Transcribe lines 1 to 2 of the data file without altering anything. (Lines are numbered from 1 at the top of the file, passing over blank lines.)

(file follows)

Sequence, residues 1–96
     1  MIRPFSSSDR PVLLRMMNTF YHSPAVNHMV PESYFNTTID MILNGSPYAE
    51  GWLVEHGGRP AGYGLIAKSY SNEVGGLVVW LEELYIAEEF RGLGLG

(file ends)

Sequence, residues 1–96
     1  MIRPFSSSDR PVLLRMMNTF YHSPAVNHMV PESYFNTTID MILNGSPYAE